I cannot eat anything offered by miserly people. Their wealth is squandered in these ways: first litigation; second, thieves and robbers; third, physicians; fourth, their wicked children’s extravagance. It is like that…’

The devotees listened with great attention to Sri Ramakrishna’s words.

Surendra: ‘I cannot meditate well. I repeat the Divine Mother’s name now and then. Lying in bed, I repeat her name and fall asleep’.

Master: ‘That is enough. You remember her, don’t you?’

Surendra observed that some of Sri Ramakrishna’s disciples were practising spiritual disciplines under his guidance at Dakshineshwar. Naturally the desire to do likewise came to him. After informing the Master about his plan, he came one day to Dakshineshwar with a bed and other personal things and spent a couple of nights there. This greatly upset his wife, however. She said to him, ‘You may go anywhere you like during the daytime, but at night you must not leave home’. Although Surendra’s wife prevented him from spending nights at Dakshineshwar, his mind was crying for God. His body was at home, but his mind was with the Master.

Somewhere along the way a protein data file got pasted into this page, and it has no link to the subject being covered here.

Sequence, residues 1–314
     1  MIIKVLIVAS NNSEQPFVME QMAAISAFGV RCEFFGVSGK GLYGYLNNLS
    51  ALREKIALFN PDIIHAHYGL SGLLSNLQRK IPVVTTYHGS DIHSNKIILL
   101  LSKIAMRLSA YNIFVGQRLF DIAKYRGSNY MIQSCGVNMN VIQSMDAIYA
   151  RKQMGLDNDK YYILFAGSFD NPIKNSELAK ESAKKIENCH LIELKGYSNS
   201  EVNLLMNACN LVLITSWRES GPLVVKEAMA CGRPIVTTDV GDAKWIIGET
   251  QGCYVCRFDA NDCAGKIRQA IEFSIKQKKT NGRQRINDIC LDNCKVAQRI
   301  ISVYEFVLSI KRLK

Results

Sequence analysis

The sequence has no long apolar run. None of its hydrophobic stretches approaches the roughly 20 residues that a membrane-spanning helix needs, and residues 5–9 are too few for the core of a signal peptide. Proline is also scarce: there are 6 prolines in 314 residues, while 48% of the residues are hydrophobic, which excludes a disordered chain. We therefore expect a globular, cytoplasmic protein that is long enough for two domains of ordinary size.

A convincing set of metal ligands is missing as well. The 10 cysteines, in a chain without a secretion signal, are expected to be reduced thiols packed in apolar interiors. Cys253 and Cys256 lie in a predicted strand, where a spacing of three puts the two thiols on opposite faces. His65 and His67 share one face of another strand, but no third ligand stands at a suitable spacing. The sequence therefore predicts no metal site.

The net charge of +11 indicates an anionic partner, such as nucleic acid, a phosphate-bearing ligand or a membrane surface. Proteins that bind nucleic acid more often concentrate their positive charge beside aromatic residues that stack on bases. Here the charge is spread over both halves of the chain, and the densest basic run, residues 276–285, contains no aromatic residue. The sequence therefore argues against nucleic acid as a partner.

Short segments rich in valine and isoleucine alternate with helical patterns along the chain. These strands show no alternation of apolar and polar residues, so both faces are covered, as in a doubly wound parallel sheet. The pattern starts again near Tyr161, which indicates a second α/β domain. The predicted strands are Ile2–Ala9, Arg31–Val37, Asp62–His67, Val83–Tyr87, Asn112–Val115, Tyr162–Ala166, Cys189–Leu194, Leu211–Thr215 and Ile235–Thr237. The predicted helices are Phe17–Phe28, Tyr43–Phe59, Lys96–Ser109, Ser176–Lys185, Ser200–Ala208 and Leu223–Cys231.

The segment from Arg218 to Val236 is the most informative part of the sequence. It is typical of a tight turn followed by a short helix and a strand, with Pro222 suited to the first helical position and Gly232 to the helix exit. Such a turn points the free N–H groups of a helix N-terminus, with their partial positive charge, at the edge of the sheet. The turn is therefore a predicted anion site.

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It is not easy to become the disciple of an Incarnation of God such Sri Ramakrishna. The way such great teachers discipline their followers is often difficult to understand. Sometimes it is through love, sometimes through indifference, and sometimes through harshness. The lives of these teachers are established in truth, and they preach the truth, which is God himself. Therefore they always insist that their disciples be steadfast in truth. Once Surendra told the Master about a pilgrimage he had just taken.